A new dinosaur from Canton Schaffhausen – ancestor of the giants
When people hear the word "dinosaur", they probably immediately think of large animals with huge bodies, long tails and necks and a tiny head. Giants, such as Brontosaurus, Diplodocus or Brachiosaurus are long-necked dinosaurs, including the largest terrestrial vertebrates of all times, with skeletons of more than 30 m in length. However, they are already highly derived representatives of the sauropods – the scientific name of these long-necked dinosaurs – and only one of many groups of dinosaurs. The question of how such giants evolved from the rather small primeval dinosaurs and when and how the evolution of this group took place is still subject of intensive research. Of course, finds of early representatives of sauropods are of particular importance.
Reconstruction of Schleitheimia (foreground), with Plateosaurus in the background.
The earliest representatives of the larger group of Sauropodomorpha, to which the sauropods belong, appear in the fossil record in the Upper Triassic period (about 230 million years ago) and apparently dispersed rapidly. This group includes the genus Plateosaurus, which is known from numerous sites in Central Europe, including northern Switzerland. This was the typical large herbivore among the dinosaurs at that time. The first true sauropods appear in the fossil record in the late Early Jurassic period (about 190 million years ago).
When examining some bones from Canton Schaffhausen in the collection of the University of Zurich, which had originally been identified as Plateosaurus, Munich palaeontologist Oliver Rauhut experienced a surprise: These remains did not all belong to Plateosaurus, but represent a previously unknown species of sauropodomorphs, which is evolutionarily already very close to the sauropods. This species has now been described by Rauhut and his colleague Femke Holwerda together with Heinz Furrer from the University of Zurich in the scientific journal "Swiss Journal of Geosciences" under the name Schleitheimia schutzi. The name is derived from the small village of Schleitheim, where the remains were found in 1954, and from the name of the finder, the private collector Emil Schutz (1916-1974) from Neunkirch near Schaffhausen.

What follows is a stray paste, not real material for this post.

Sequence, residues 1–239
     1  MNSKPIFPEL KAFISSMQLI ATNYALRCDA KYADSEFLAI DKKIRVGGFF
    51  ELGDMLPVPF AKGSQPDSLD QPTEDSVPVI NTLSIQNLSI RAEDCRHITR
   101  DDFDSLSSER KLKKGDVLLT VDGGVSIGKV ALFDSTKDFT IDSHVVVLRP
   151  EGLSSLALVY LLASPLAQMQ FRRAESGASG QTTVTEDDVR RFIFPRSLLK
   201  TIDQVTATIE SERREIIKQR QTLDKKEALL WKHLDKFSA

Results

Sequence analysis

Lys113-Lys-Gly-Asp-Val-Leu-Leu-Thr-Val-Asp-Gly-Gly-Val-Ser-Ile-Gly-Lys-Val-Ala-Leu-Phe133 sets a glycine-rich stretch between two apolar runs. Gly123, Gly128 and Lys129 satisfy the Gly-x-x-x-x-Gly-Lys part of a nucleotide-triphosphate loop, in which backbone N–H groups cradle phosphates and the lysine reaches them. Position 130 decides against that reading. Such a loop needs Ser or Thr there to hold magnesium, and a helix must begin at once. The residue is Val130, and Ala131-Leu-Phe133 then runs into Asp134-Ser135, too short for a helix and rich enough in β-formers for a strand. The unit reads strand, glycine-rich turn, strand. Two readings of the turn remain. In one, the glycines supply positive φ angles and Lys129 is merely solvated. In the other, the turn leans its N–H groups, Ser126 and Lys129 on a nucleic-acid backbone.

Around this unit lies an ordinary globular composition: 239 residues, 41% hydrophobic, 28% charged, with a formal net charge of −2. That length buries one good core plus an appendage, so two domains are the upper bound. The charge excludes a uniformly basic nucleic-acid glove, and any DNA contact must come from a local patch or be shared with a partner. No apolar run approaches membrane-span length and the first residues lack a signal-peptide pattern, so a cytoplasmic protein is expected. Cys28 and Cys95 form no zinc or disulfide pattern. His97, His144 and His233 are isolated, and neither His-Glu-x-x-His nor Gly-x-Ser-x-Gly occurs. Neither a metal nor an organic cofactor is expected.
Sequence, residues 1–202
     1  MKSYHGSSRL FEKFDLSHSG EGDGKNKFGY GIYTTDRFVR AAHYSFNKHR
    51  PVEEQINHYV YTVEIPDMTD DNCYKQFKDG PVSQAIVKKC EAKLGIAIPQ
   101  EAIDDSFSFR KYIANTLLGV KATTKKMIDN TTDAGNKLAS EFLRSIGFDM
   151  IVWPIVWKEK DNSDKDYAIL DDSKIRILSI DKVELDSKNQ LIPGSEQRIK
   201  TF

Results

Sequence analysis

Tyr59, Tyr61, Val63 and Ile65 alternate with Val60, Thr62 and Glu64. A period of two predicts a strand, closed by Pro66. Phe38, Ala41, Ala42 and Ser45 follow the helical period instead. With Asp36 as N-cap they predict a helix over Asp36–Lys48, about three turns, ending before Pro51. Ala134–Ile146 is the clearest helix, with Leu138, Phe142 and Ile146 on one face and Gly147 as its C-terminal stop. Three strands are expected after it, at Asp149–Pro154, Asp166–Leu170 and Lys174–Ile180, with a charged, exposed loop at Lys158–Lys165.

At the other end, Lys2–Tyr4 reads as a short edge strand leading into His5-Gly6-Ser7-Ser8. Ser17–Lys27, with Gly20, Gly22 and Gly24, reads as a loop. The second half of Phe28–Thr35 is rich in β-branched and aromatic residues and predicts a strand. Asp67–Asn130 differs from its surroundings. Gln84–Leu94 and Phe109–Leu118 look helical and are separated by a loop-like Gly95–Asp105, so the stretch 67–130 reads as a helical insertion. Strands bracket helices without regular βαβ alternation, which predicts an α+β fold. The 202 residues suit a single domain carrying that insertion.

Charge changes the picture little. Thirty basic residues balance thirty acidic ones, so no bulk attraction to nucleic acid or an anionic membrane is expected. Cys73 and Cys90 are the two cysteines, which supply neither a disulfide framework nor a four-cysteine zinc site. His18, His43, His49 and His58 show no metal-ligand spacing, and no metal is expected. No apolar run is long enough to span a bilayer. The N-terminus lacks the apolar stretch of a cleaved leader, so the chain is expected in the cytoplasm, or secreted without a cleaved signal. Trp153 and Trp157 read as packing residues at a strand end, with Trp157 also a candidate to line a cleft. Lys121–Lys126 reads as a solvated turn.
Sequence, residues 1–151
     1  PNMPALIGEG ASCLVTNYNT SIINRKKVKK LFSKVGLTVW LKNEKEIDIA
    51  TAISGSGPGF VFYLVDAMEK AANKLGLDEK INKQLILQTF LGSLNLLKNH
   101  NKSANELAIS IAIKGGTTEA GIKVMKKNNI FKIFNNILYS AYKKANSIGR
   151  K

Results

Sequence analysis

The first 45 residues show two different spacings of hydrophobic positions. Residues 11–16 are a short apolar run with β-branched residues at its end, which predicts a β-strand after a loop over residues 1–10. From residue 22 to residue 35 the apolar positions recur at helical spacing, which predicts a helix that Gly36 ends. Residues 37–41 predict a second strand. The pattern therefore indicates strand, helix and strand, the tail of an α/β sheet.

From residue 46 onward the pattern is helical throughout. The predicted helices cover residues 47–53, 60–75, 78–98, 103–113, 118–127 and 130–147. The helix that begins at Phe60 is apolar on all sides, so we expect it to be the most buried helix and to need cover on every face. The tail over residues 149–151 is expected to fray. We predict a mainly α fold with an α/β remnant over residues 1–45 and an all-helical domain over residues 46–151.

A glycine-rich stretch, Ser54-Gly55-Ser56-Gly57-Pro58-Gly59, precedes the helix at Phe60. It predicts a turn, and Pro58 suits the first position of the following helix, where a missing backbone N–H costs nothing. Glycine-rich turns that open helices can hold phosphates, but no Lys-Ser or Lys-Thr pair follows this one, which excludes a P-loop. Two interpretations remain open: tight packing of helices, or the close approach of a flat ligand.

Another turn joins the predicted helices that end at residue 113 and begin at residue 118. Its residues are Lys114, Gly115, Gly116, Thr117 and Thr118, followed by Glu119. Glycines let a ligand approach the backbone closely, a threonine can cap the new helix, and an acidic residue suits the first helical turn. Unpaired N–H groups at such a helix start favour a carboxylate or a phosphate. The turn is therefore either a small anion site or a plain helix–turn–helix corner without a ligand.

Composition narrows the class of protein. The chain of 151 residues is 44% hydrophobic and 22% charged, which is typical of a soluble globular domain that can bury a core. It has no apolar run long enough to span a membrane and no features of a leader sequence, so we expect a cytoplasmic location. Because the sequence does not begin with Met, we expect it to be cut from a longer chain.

Although Schleitheimia probably still looked quite similar to the well-known Plateosaurus, this animal with an estimated body length of 9-10 m was already considerably larger than the latter, even though it did by far not yet reach the dimensions of its later relatives. Furthermore, the new species was obviously very robustly built and, like its gigantic descendants, probably moved on all fours, while Plateosaurus mostly walked on its hind legs. The analysis of the relationship of the new genus carried out by the researchers shows that Schleitheimia is apparently the closest known relative of the true sauropods, which indicates that this group must also have had its origin in the Late Triassic. Rauhut and his colleagues concluded that the early sauropods apparently lived next to their more primitive relatives for more than 20 million years. Only after the extinction of the latter towards the end of the Lower Jurassic did the sauropod success story begin, which was to make them the largest and, in many ecosystems, most important herbivores of the Earth's Middle Ages.
A new excavation in the immediate vicinity of the original site, initiated in 2016 by Heinz Furrer and the Naturforschende Gesellschaft Schaffhausen, brought to light further remains of sauropodomorphs and detailed geological data to explain the origin of the concentration of bones. In addition, further old finds by Emil Schutz from a neighbouring site also indicate the presence of a third, as yet undetermined species of early sauropodomorphs.
"As you can see, you don't always have to travel to exotic foreign countries to discover new dinosaurs and gain new insights into their evolution - sometimes a visit to the neighbouring museum or an excavation on your doorstep is enough," the Munich researcher says with a wink.
Rauhut, O.W.M., Holwerda, F.M., and Furrer, H. 2020. A derived sauropodiform dinosaur and other sauropodomorph material from the Late Triassic of Canton Schaffhausen, Switzerland. Swiss Journal of Geosciences – Open Access